Pollard, a civilian intelligence analyst for the U.S. Navy, sold military secrets to Israel while working at the Pentagon in the 1980s. He was arrested in 1985 after trying unsuccessfully to gain asylum at the Israeli Embassy in Washington and pleaded guilty. The espionage affair embarrassed Israel and tarnished its relations with the United States for years.
Pollard was given a life sentence, and U.S. defense and intelligence officials consistently argued against releasing Pollard. But after serving 30 years in federal prison, he was released on Nov. 20, 2015, and placed on parole.
At the time, his lawyers said he would be required to remain in the United States for five years, though they called on then-President Barack Obama to grant him clemency and permit him to move to Israel immediately. But the White House quickly shot down that prospect, saying Pollard had committed “very serious crimes.”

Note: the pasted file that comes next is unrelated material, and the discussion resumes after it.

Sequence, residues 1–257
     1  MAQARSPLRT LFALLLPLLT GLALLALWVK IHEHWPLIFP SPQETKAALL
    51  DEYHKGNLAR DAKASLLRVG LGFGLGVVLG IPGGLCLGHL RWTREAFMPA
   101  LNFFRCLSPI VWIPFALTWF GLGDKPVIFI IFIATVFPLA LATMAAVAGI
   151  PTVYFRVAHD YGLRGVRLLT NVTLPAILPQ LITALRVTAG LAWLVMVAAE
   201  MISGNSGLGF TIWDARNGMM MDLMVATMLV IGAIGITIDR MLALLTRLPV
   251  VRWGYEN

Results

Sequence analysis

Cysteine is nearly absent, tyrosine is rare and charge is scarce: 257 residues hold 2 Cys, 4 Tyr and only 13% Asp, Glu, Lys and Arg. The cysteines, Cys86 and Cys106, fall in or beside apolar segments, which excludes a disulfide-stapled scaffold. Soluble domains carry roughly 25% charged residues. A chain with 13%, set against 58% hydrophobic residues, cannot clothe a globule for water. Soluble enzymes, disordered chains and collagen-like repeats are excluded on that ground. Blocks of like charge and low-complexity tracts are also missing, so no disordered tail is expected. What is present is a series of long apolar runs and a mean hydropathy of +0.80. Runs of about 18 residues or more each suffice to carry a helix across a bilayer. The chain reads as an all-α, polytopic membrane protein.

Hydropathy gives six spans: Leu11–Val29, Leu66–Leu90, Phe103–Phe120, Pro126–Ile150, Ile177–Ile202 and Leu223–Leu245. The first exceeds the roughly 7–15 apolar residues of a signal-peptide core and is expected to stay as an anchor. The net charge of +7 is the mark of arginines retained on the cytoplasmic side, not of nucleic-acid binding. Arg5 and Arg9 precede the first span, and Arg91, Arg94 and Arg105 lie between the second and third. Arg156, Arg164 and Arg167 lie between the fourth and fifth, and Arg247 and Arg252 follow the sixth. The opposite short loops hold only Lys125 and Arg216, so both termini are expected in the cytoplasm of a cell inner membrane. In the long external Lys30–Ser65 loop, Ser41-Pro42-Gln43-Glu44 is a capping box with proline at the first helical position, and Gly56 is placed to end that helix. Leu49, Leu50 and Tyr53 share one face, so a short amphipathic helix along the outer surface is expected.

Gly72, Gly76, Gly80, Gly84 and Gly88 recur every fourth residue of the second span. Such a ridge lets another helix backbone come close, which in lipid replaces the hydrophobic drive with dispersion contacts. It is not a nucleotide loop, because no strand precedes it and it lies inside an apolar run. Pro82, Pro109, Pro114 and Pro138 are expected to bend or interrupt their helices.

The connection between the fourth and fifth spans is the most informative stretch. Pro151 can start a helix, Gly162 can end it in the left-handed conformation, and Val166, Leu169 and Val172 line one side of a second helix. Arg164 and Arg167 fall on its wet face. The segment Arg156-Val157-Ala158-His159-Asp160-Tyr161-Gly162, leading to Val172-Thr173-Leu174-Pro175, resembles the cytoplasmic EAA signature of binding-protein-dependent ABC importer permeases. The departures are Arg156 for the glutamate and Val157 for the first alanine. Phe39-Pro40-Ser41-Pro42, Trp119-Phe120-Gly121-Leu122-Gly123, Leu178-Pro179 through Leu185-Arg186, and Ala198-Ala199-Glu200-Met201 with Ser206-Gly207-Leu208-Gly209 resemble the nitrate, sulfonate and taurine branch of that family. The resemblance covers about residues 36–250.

Friday's decision appeared to mark the latest in a string of gestures by the outgoing Trump administration toward Netanyahu's hard-line government.
Secretary of State Mike Pompeo this week became the first senior U.S. official to visit an Israeli settlement in the West Bank and announced that settlement products exported to the U.S. could be labeled as “Made in Israel.” The Trump administration also has recognized contested Jerusalem as Israel's capital and released a Mideast plan that heavily favors Israel.
Israel granted Pollard citizenship in 1995, and Netanyahu had tried in the past to bring him to Israel as part of diplomatic negotiations. In his statement, Netanyahu thanked his ambassador to the U.S., Ron Dermer, for conducting talks with the American government.
In a statement Friday, the U.S. Parole Commission said it had ended Pollard’s parole conditions after five years after finding “no evidence to conclude that he is likely to violate the law.”